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Beta Analytic published an article in Personal Care Magazine entitled “Verifying natural ingredients via carbon-14 testing” detailing how carbon-14 testing can help manufacturers of personal care products. The personal care industry has seen increasing demand for “natural” products, with the natural and organic personal care products market value predicted to reach $21,776.9 million by 2024.1 The lack of clear regulations on the “natural” label means the responsibility of ensuring customers are not misled ultimately lies with manufacturers.
Companies are also increasingly likely to check the validity of their competitors’ claims. In the US, recent settlements by the Federal Trade Commission (FTC) regarding the misuse of “all-natural” and “100% natural” claims on products found to contain synthetic ingredients indicate that the tide is slowly beginning to turn and that “100% natural” claims cannot be made at whim.2
Carbon-14 testing, commonly referred to as “biobased carbon testing” in the industry, can address three major challenges when catering to the demand for plant-based products — compliance with regulations and trade authorities, quality control of ingredients and labeling and marketing biobased products.
As a result of the lack of regulatory guidance on the “natural” label, there is little consensus in the industry on what criteria a “natural” product should satisfy. Despite this, consumers do have certain expectations when buying a product labeled as “natural”. Euromonitor International found that consumers believe “natural” products are plant-derived and free from artificial ingredients.3
Although the “natural” label can be lucrative, the inability to back up the claim with reproducible testing can have both legal and financial consequences in the long term, as evidenced by the FTC’s decision in cases where the label was judged to be misleading to consumers. Through carbon-14 testing, manufacturers and suppliers are able to accurately validate whether their product is plant-derived and free of petrochemical-derived synthetics and substantiate their “natural” claims.
Sourcing the often higher-priced natural materials involves navigating fluctuating markets in which pricing can be sensitive to external factors, such as a variable climate and asymmetries in supply and demand. Complex supply chains make ingredients vulnerable to adulteration with synthetic alternatives that are cheaper and easier to produce. Adulterating natural products with petrochemical-derived synthetics can be financially attractive because petroleum is a cheap and plentiful feedstock. Rigorous quality control measures are therefore necessary throughout the supply chain to ensure that plant-based ingredients have not been adulterated or compromised along the way.
Carbon-14 testing at Beta Analytic serves as a reproducible and standardized method to screen natural products for the presence of fossil fuel-derived synthetic components.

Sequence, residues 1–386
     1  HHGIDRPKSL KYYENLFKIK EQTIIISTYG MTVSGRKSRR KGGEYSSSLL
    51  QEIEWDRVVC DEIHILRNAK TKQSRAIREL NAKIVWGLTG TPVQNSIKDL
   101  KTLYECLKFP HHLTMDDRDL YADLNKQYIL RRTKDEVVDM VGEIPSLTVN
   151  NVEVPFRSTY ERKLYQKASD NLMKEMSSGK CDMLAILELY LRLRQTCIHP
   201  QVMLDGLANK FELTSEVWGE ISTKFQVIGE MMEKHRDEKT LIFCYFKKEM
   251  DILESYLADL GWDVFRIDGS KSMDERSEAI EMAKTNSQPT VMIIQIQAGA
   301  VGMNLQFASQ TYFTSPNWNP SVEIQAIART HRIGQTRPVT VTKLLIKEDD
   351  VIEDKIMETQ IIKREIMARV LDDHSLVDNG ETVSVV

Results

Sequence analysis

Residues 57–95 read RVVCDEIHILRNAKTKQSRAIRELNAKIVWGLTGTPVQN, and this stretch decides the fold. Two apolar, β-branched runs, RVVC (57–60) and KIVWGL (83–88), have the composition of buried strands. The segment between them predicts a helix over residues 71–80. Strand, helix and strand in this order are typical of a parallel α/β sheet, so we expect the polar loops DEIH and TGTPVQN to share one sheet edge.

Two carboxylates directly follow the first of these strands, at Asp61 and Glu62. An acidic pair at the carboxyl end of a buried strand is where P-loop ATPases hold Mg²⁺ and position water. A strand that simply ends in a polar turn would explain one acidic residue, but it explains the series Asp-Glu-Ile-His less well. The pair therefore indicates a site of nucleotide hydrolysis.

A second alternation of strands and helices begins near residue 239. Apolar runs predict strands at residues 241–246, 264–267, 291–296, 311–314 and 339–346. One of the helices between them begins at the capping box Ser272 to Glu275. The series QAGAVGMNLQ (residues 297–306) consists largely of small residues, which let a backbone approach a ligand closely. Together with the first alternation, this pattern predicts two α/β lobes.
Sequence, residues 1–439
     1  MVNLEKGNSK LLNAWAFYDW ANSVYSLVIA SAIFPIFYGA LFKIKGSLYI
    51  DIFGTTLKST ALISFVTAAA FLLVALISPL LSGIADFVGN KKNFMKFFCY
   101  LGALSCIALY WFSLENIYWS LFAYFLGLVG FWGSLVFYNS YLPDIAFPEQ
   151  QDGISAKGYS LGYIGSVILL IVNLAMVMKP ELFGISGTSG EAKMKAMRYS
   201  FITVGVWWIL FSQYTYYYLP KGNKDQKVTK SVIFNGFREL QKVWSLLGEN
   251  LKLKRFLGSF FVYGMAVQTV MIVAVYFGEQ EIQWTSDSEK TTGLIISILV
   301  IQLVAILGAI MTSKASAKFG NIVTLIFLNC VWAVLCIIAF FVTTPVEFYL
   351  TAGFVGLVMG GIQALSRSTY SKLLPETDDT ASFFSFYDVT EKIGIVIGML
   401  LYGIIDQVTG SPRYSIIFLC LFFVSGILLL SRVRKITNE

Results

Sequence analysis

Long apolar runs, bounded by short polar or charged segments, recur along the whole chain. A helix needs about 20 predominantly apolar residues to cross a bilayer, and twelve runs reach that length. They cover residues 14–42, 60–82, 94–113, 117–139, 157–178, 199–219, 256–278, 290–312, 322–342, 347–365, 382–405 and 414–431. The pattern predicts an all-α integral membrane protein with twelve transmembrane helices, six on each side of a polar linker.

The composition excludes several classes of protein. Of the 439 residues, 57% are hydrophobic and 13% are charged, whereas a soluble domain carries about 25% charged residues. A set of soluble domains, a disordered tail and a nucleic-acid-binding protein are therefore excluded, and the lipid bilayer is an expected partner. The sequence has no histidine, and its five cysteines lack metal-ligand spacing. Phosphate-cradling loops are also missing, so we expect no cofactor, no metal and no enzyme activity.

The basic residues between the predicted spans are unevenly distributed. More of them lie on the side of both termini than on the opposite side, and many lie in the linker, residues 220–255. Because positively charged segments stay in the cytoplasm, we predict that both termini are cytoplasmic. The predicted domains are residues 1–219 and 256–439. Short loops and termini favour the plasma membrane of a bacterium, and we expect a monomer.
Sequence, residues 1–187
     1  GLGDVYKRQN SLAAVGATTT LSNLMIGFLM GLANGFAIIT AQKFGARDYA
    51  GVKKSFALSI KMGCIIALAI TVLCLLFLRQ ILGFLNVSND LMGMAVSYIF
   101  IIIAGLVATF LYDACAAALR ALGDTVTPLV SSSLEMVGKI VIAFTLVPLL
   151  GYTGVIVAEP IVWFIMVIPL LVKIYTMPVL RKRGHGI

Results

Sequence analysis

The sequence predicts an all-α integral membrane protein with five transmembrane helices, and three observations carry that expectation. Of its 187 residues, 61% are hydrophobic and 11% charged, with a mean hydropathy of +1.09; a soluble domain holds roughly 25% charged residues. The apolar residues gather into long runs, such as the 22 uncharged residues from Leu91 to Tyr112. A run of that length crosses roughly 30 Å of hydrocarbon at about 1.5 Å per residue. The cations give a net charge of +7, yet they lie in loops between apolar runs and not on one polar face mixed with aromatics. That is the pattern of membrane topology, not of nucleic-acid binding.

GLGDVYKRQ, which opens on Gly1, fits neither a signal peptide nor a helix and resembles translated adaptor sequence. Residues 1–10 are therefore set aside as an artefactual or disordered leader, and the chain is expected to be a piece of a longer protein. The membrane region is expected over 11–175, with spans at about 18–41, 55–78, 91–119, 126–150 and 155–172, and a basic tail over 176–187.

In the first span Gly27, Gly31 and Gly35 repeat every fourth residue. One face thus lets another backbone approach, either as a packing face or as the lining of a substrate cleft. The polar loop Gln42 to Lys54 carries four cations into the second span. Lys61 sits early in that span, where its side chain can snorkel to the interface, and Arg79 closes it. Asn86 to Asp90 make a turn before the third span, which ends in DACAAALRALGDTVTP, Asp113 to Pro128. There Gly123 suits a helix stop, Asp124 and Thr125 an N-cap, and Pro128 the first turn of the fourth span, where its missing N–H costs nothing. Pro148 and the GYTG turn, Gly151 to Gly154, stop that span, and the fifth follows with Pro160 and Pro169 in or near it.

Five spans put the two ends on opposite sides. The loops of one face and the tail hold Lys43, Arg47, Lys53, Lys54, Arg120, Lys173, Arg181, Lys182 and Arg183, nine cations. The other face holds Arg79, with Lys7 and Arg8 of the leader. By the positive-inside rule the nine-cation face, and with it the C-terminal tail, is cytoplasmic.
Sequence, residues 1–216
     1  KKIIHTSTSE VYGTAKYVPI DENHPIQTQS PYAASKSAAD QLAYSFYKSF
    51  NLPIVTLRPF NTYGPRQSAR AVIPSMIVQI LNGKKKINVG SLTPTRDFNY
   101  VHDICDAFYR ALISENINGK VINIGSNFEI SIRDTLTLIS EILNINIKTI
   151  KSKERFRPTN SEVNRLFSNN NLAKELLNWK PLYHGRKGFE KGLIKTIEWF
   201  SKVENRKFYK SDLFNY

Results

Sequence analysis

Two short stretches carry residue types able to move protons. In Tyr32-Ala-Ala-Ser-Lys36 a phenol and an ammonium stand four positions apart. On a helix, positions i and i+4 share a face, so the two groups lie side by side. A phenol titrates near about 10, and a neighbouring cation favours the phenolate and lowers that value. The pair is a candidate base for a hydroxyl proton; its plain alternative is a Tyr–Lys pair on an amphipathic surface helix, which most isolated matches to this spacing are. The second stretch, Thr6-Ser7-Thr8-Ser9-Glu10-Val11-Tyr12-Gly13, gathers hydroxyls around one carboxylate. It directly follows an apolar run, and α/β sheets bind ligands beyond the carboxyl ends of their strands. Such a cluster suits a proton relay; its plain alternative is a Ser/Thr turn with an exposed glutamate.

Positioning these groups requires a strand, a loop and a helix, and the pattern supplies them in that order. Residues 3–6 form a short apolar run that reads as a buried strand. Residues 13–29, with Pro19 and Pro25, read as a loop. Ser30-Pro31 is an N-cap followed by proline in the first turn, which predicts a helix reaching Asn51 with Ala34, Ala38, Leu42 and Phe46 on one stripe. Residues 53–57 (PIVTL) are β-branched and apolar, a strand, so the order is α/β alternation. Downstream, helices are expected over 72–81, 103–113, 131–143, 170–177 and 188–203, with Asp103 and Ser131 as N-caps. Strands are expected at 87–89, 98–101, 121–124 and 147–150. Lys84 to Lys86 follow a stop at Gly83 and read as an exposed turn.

Although consumers demand natural products, switching entirely to plant-based materials can present a host of technical challenges for manufacturers, as not all synthetic products can be replaced by equally performing natural counterparts. The United States Department of Agriculture (USDA) BioPreferred Program and other private biobased eco-labels recognize this and specify a minimum biobased content requirement for various product categories.
The biobased content is measured according to the ASTM D6866 standard for carbon-14 testing.4 Carbon-14 testing offers a standardized result that is also easily communicated to consumers either via a biobased eco-label or when marketing the percentage biobased content independently.
Carbon-14 is a weakly radioactive isotope of carbon and all materials that are part of the carbon cycle will contain a known amount of the isotope. When no longer living, and therefore no longer part of the carbon cycle, the carbon-14 level will deplete according to radioactive decay. In contrast to living things that contain a known amount of carbon-14, petroleum and petroleum-derived compounds will not contain any. Measuring the carbon-14 content of a carbon-based material therefore allows for the accurate determination of biobased versus fossil fuel-derived components in the sample.
Carbon-14 testing is a reproducible and standardized method that can help the personal care industry make the most of rising consumer demand for natural products while tackling three major challenges —avoiding regulatory repercussions from misuse of the valuable claim, ensuring consistent quality control of raw natural materials in complex supply chains and marketing blended biobased products.
As an ISO 17025-accredited lab, Beta Analytic offers high-quality and fast carbon-14 biobased testing. For more information, please contact the lab.
(1) Persistence Market Research, Global Natural and Organic Personal Care Products Market is Expected to be Valued At US$ 21,776.9 Mn by the End of 2024, 2016, (accessed April 2018).
(2) Fair, L., Are your “all natural” claims all accurate? Federal Trade Commission, 2016, (accessed April 2018).
(3) Holmes L., The Intangible Appeal of “Natural”: Growing Consumer Interest in an Unregulated Product Label, Euromonitor International, 2016, (accessed April 2018).
(4) United States Department of Agriculture, Product Categories, [date Unknown], (accessed April 2018).